Nikon ends third-party Authorized Repair relationship

Started 8 months ago | Discussions thread
Daniel Bliss Senior Member • Posts: 1,916
Re: Nikon ends third-party Authorized Repair relationship
5

But no doubt they'll go on outsourcing their "own" repairs to hit-or-miss subcontractors in the New York area, getting repairs wrong, taking for ever to do they, inadequately packaging them for the return trip to the customer.

This really about does it for me. I'd been holding off and holding off on body purchases to see when or if they'd introduce proper LiveView focusing to DSLR like Canon and/or some better features on their Z-bodies like dual slots, but also because the D800 continues to cut it for now.

But I hate dealing with their Melville service who refuse to get repairs right and take forever and fob you off with one excuse after another and it's really only the third party repairers that have kept me with the brand. I'm going to share a story I'd not talked much about; I almost ditched Nikon about four years ago when they butchered my 70-200 and I had to go to an authorized repairer -- Midwest Camera in Michigan -- to sort it out. I was money out of pocket, of course, because Nikon effectively had reneged on their warranty coverage by butchering the first sample on another repair by re-assembling it incorrectly and tilting an element, "re-repairing" it by simply tilting the wonky element in another direction, then replacing it with a refurb with exactly the same fault, at which point I simply gave up on the warranty and walked away and started contacting authorized independents. But Midwest's excellent job of actually fixing the serious optical misalignment in the lens that Nikon had caused saved a customer for Nikon; earlier this year I got the 70-200E which I've enjoyed greatly, so to see this now is a real slap in the face.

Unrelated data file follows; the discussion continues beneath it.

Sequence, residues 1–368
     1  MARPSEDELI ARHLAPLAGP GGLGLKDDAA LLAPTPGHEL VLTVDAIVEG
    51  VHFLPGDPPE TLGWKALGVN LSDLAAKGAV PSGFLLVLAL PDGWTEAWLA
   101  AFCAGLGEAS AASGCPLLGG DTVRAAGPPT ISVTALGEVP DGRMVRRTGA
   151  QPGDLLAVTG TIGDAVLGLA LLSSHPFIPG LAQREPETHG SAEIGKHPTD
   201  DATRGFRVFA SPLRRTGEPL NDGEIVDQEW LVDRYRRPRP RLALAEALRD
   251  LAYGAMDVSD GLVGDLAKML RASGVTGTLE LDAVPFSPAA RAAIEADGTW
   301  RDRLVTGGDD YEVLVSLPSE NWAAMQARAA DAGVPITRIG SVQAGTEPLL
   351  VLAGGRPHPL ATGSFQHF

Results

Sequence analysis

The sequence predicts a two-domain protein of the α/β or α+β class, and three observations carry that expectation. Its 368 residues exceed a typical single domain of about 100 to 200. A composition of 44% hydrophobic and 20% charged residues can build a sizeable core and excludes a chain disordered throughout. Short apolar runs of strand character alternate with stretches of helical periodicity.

For me, it's now either a question of all-aftermarket lenses and older used bodies or switching to another brand entirely.

Tamron or Sigma, Canon, or Sony? Or iPhones and GoPros? My approach to Nikon...other than the big exception I made for the 70-200E, was shifting to one of only buying products that could be serviced by authorized independents. I guess that means I can't buy Nikon any more.

I hope Nikon gets hit and hit hard with right-to-repair legislation, and if they're not good enough to survive it without going under, then tough. They are insulting their customers....they are a poster child for the need for rigorous government regulation of corporations.

It doesn't matter that overall, their products are superior on average to the competition. The product superiority is much narrower than the deficiency in their service, and that's what is the real differentiator. It's no good having the best-in-class lens on the market if they spend two months butchering it and then failing and/or refusing to make it right. And, especially in the United States, they obviously are continuing to refuse to learn that lesson, and if they continue much longer like this, they'll be a minor also-ran at best.

The letter obtained by iFixit betrays a little desperation on Nikon's part....“The climate in which we do business has evolved, and Nikon Inc. must do the same.” But apparently Sony and Canon don't.

At least in photography, there are alternatives. Often in today's corporate world, there aren't.

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